"They told him all of Joseph's words that he had said to them, and he saw the wagons that Joseph had sent to carry him, and the spirit of their father Jacob was revived." (Gen. 45:27)

"all of Joseph’s words" - [Including] a sign he gave them: in what Torah topic he was engaged when he [Joseph] separated from him [from Jacob], the section dealing with the heifer that was to be beheaded [Egla Arufa--(Deut. 21:1-9)] and this is why [our verse] says, "and he saw the wagons that Joseph had sent," and not, "that Pharaoh had sent." (Ibid., Rashi based on Gen. Raba 94:3)

The fact that Joseph remembered the exact topic he had been studying with Jacob twenty-two years earlier indicated to Jacob that Joseph was not only physically alive but that he was still spiritually alive—the moral teachings of his father had remained with him. He thus said: "…my son Joseph is still alive" — i.e. he is still my true son, carrying on my legacy. In fact, it was the inner message of their parting study session that enabled Joseph to remain righteous in Egypt:

...he is still my true son, carrying on my legacy.

When a corpse is found in the field outside the city, the leaders and judges of the closest city must come out and perform a specific ritual, after which they are to declare, "Our hands did not spill this blood," meaning that that they did not knowingly fail to provide this person with food and an escort prior to leaving their city. (Deut. 21:7)

Spiritually, as we have seen, the "field" is the realm of Esau. (Gen. 25:27, 37:7) Going out into the "field," then means leaving the environment of Torah and Judaism. One who does so, becomes susceptible to spiritual death, i.e., disconnection from God, the source of all life. The leaders and judges have the responsibility to prevent such an eventuality. They must fortify those venturing out into the "field" with spiritual food (knowledge of the Torah) and proper clothing (observance of the commandments) to protect them from the spiritual dangers that await them in the field.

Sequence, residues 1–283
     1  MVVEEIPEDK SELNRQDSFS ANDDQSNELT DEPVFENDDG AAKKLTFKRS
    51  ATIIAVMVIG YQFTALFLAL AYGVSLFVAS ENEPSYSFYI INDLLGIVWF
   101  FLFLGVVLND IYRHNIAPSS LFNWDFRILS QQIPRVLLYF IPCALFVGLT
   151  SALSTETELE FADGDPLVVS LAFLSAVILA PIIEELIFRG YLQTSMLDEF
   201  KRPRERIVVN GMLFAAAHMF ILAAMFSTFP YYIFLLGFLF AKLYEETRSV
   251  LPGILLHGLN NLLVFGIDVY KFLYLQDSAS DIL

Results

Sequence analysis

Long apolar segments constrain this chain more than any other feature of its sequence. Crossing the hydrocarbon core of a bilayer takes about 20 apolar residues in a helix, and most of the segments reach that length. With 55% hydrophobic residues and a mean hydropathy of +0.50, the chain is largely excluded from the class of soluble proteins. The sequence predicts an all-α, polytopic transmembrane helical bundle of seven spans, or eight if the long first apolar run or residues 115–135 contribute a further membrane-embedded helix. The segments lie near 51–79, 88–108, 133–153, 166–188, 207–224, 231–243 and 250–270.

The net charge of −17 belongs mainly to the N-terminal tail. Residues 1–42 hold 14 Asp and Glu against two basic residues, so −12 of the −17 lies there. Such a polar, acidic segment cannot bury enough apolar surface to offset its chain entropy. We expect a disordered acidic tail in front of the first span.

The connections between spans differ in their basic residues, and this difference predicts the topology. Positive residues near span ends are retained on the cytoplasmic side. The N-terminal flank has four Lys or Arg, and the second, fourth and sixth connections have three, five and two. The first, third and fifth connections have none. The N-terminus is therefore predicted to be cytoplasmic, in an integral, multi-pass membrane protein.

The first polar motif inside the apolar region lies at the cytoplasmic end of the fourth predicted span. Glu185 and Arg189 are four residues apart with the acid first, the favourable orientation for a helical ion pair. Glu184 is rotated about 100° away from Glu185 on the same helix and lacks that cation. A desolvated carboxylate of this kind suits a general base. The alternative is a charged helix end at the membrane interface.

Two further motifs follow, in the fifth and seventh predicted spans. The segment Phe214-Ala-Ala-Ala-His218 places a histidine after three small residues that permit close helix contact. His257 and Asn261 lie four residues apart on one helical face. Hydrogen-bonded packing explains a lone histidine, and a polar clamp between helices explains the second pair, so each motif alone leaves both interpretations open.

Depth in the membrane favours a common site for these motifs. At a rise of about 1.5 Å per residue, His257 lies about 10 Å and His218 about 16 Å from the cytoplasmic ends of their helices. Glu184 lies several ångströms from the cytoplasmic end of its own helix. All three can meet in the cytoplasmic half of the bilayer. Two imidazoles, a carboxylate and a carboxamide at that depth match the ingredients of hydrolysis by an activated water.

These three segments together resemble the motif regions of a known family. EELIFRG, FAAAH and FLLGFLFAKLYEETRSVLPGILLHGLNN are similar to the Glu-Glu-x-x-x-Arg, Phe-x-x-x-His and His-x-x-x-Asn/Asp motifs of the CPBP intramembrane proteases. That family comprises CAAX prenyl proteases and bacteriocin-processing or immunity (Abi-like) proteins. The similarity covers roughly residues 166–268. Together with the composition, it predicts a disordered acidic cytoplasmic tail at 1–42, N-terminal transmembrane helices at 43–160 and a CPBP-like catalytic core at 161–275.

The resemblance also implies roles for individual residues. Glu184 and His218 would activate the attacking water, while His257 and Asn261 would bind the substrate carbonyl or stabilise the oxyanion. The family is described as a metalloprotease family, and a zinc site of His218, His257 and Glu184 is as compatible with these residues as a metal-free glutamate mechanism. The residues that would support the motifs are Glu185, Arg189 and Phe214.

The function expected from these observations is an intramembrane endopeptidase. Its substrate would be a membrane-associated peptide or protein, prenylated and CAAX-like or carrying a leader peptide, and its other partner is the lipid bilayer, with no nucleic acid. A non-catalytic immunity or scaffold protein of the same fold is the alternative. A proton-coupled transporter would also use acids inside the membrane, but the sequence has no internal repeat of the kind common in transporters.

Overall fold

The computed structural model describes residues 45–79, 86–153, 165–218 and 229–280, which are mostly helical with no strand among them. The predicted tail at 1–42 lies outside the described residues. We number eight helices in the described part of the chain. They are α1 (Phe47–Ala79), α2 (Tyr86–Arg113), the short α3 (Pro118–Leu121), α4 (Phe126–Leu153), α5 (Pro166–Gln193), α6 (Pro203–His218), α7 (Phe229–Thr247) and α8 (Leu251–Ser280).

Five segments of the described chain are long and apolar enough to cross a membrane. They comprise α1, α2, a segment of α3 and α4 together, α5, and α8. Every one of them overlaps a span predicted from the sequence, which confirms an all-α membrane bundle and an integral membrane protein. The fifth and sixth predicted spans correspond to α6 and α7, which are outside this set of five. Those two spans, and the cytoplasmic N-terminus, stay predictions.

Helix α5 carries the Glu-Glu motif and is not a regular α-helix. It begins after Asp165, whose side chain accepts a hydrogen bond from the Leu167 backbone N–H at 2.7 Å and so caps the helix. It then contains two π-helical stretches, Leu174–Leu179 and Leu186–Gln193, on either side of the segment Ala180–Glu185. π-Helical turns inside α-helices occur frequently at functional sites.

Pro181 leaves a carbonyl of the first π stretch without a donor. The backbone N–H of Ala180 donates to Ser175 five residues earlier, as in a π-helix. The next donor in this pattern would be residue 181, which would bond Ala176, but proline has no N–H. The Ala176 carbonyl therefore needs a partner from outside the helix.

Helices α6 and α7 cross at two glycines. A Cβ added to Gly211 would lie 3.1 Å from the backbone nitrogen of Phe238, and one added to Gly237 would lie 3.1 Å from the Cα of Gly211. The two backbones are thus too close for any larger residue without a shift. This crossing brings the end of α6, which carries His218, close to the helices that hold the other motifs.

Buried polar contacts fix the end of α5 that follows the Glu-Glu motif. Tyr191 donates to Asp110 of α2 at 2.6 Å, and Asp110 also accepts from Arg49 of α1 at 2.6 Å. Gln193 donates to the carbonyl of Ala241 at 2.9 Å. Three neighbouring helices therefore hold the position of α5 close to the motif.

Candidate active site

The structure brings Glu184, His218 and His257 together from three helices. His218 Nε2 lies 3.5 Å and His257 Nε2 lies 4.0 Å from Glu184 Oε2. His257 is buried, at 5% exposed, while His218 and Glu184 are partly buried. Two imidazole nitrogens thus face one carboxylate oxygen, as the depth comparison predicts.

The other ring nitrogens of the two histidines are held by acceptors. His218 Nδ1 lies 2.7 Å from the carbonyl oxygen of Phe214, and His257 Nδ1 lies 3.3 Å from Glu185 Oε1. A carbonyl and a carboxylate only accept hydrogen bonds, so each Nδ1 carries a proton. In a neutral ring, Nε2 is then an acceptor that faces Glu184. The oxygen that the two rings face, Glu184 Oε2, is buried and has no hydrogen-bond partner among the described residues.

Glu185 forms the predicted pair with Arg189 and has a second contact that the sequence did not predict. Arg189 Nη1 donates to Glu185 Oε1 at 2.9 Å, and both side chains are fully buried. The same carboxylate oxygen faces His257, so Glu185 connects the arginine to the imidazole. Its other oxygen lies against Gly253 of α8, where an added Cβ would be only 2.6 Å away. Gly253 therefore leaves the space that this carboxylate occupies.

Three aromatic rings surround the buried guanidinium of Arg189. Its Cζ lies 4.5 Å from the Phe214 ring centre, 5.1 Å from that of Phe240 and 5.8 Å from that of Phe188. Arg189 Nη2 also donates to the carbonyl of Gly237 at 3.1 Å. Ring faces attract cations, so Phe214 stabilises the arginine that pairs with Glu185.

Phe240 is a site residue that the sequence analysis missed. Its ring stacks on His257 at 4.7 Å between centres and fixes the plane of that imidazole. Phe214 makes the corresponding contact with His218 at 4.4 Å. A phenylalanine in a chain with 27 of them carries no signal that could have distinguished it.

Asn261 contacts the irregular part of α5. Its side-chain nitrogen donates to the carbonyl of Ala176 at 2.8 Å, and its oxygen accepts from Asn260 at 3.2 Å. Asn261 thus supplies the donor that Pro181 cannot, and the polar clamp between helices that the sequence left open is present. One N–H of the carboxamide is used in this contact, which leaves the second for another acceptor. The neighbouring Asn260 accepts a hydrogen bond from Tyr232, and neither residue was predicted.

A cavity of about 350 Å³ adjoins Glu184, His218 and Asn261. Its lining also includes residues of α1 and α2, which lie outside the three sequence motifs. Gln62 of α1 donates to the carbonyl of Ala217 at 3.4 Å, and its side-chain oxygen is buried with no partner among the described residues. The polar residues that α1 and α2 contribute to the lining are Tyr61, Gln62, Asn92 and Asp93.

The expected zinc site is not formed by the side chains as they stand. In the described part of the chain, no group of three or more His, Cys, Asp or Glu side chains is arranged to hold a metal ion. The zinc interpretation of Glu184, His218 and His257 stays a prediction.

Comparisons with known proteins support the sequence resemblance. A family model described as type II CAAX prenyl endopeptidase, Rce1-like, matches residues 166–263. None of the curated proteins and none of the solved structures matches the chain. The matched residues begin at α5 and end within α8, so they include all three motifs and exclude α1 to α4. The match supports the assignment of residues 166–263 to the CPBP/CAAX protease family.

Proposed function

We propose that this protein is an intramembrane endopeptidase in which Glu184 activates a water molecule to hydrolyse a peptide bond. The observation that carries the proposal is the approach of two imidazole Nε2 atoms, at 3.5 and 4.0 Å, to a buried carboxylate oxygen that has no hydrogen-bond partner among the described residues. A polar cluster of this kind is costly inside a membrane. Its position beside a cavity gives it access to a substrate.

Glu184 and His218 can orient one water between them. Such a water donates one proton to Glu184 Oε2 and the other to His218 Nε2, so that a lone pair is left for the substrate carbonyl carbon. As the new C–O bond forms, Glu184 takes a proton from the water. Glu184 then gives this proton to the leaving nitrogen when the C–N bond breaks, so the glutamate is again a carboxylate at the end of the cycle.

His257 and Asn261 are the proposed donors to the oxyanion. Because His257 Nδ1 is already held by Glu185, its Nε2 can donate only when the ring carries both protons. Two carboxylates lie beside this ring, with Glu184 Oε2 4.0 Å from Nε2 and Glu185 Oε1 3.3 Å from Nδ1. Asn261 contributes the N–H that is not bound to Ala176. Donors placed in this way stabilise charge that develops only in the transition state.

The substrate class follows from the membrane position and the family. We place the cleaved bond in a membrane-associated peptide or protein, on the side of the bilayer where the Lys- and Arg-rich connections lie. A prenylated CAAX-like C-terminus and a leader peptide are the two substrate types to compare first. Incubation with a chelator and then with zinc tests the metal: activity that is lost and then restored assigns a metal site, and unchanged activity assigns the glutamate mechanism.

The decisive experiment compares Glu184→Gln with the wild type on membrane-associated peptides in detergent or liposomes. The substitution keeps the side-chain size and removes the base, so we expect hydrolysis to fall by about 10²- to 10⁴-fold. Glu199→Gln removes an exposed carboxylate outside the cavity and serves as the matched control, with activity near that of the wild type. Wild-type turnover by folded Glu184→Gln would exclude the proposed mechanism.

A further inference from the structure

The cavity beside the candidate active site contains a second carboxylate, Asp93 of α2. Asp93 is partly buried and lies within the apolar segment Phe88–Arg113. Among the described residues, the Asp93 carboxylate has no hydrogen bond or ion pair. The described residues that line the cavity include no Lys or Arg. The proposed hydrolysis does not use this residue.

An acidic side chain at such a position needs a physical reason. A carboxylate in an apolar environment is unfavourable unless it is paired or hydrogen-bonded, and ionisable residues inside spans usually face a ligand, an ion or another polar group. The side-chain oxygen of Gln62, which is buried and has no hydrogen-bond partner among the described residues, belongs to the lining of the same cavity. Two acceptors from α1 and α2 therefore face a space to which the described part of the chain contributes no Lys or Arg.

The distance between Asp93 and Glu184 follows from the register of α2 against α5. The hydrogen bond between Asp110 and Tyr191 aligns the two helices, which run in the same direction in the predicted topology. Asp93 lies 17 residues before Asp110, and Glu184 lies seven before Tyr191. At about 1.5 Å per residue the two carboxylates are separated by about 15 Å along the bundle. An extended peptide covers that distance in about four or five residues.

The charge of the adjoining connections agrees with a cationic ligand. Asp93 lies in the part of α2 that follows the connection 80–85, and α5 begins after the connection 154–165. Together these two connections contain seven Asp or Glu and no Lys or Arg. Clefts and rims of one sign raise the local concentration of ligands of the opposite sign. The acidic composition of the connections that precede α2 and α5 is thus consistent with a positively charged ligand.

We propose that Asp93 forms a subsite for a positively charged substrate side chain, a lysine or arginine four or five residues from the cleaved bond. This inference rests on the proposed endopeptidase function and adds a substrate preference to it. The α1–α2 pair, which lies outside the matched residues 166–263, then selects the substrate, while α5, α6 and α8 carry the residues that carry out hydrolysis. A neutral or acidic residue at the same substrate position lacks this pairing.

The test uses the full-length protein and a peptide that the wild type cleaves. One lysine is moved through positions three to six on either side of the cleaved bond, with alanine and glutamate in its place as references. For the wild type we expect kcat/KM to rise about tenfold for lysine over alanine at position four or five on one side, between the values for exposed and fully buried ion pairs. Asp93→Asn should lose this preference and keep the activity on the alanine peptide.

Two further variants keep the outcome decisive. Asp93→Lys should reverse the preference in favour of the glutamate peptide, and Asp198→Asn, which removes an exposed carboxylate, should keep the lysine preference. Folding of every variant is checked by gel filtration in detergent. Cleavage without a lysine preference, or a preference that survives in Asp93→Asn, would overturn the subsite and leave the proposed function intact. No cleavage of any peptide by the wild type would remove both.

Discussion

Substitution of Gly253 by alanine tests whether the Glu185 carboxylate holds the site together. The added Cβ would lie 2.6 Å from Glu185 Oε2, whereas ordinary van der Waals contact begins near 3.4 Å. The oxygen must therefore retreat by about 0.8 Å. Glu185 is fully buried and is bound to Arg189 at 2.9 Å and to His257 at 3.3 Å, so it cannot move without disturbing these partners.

As we have seen, when Jacob sent Joseph to check on his brothers, he sensed that somehow this would lead to the fulfillment of God's promise to Abraham that his progeny would be slaves in a foreign land. (Gen. 37:13) This inspired him to teach Joseph the laws about protecting those who venture out into the "field." Jacob thereby fortified Joseph with extra spiritual strength to withstand the spiritual temptations he would face.

Thus, when Joseph wished to inform Jacob that he was still alive spiritually, he hinted to him that he had kept the theme of their last study session in mind and that doing so gave him the strength to remain unaffected by the unholy "field" of Egypt.

Adapted from Likutei Sichot, vol. 30, pp. 222-224
© 2001 Chabad of California/www.LAchumash.org